I finished Charles Taylor’s monumental A Secular Age last summer, and it was one of those books that you finish reading and the world feels like an entirely different place. In this book, Taylor examines not only the emergence of Western secularism, but the experience of living in it. His project is phenomenological as much as it is genealogical; tracing the winding paths and new terrain that deposited us in this creedally pluralistic society, while also examining the pathos, the uncertainty, the limitations and fruits of navigating our way through the midst of many plausible alternatives of how to believe and how to live. For this reason, I found the book not only intellectually enlightening, but spiritually awakening.
In this series of blog posts, I hope to sketch some of his insights and observations on the history of our secular condition and the “cross-pressures” we experience within it. I will interweave some musings on some of the implications for or intersections with [my experience of] Mormonism. In other words, consider this a very selective  Cliffnotes version with some commentary. In these first few posts, I’ll start with the introduction and try to tackle sequential chapters in following posts–though Taylor admits his work is not linear, but rather a series of interlocking essays (so don’t expect too much linearity in how I proceed, though I’ll do my best). Here it goes!
First, terms. What does Taylor mean by a “secular” age? Taylor outlines two conventional definitions, and then formulates a third: secularism as (1) emptying public spaces and activities of references to/invocations of God; (2) decline in personal belief in God; and finally, (3) a condition where (2) is an option. In other words, how did we go from a society in which belief in God is “axiomatic,” “unchallenged and…unproblematic, to one in which it is understood to be one option among others, and frequently not the easiest to embrace”? 
Thus, Taylor is focusing on the conditions and lived experience of belief, rather than their content (secularism 2)–though of course they are related. So this book examines belief not as a theory or creed, but as an experience situated in a “background” of the “taken-for-granted” that shapes and limits the possibilities of belief. Taylor’s questions are not what people believe, but what is it like to live as a believer or an unbeliever. In other words, what are the “alternative ways of living our moral/spiritual life”? And how do we arrive at these options?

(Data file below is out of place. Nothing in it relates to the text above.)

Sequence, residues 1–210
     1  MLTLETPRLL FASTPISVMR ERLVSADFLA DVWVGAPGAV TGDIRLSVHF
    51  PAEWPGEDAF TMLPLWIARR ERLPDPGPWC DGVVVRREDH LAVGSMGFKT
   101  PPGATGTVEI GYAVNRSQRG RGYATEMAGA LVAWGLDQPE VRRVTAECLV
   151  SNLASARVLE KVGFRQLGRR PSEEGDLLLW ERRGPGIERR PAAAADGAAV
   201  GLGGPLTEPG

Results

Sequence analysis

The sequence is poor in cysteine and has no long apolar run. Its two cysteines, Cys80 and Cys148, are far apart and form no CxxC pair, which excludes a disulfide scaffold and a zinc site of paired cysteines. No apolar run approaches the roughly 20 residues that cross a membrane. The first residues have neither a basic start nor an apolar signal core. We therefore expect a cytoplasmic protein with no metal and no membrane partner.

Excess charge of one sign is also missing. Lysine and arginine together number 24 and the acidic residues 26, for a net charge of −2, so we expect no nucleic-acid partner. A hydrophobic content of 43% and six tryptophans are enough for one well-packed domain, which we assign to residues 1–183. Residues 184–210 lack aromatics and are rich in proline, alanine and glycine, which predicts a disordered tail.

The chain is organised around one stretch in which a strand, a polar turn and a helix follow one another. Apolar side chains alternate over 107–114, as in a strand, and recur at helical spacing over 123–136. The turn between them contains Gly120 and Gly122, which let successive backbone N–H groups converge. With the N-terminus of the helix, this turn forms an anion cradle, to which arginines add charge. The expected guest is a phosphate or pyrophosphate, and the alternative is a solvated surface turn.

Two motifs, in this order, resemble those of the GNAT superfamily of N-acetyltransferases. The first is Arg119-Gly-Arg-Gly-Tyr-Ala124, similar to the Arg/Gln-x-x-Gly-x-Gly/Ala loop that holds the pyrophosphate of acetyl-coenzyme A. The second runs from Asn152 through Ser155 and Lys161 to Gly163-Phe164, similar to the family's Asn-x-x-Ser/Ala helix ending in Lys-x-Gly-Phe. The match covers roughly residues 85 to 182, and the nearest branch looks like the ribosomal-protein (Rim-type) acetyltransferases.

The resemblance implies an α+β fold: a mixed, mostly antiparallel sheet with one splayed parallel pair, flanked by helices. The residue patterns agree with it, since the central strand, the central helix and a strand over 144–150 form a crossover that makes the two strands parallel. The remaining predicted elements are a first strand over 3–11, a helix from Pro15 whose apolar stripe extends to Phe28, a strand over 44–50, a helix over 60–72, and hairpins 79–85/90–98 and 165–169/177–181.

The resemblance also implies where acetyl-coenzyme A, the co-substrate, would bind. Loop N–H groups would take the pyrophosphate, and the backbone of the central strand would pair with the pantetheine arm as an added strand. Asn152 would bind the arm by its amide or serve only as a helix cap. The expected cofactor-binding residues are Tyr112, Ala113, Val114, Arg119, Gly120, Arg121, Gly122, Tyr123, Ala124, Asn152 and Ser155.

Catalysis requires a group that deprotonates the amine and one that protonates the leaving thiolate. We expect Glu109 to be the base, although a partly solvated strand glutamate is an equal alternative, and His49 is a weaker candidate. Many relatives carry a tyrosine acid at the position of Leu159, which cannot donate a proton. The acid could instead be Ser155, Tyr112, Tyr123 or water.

Though he eschews any universalizing theories of religion, Taylor claims that this is a question that concerns all of us living in today’s world: “We all see our lives, and/or the space wherein we live our lives, as having a certain moral/spiritual shape” . We are not just thinking creatures; we are desiring creatures . And we all desire the good life, or fullness— a deliberately expansive and neutral term that Taylor reiterates as the state where “life is fuller, richer, deeper, more worth while, more admirable, more what it should be” . The source of and path to that fullness constitutes the moral/spiritual shape and direction of our lives, whether the source be “the presence of God, or the voice of nature, or the force which flows through everything, or the alignment in us of desire and the drive to form,” among others.
One of the fundamental distinctions between believers and unbelievers  is where they locate this place of fullness. For the Christian  believer, the source of fullness is located without or beyond human life, in a transcendent force that does not simply “empower” us in our present condition, but brings us “out of self.” Fullness is not only transformative, it is gifted (by God) and therefore relational; a loving exchange between a giver and a receiver. It is thus necessarily non-self-enclosed. For the unbeliever, fullness is located in what Taylor will later call the “immanent frame”– located within the self or its immanent environment (i.e. reason; self-expression; will; moral autonomy; nature, etc.) and thus accessible to an individual without reference to or need of a transcendent figure or transformative process. (And then there is a third category who reject even the possibility of fullness [e.g. postmodern deconstructionists], to which Taylor will devote more time towards the end of his book.)
What makes our age secular in Taylor’s third sense is the multiplicity of options of fullness within these various matrices– and the consequent experience that “we [believers and unbelievers] cannot help but be aware that there are a number of different construals, views which intelligent, reasonably undeluded people, of good will, can and do disagree on”; in other words, there are many viable sources of fullness; thus, “we cannot helping looking over our shoulder from time to time…living our faith also in a condition of doubt and uncertainty” .
This is an important point for a couple reasons. Taylor believes that we cannot avoid the condition of doubt, with the exception of fundamentalists (theists and atheists alike) who manage a hermetic seal against the secular (v3) environment. But I think Mormonism has actually managed this seal for a long time. To even concede alternatives to belief (construed broadly [God, Christ, etc.] and narrowly [the LDS Church et al.]) has long been painted as a sign of moral failure, spiritual blindness or delusion, or sin. Mormon leaders are only now coming to terms with this fundamental fact of modern Western existence: that believers confront alternatives. This is not, I think, conceding that much. To be reflective human beings in our age, it cannot be otherwise.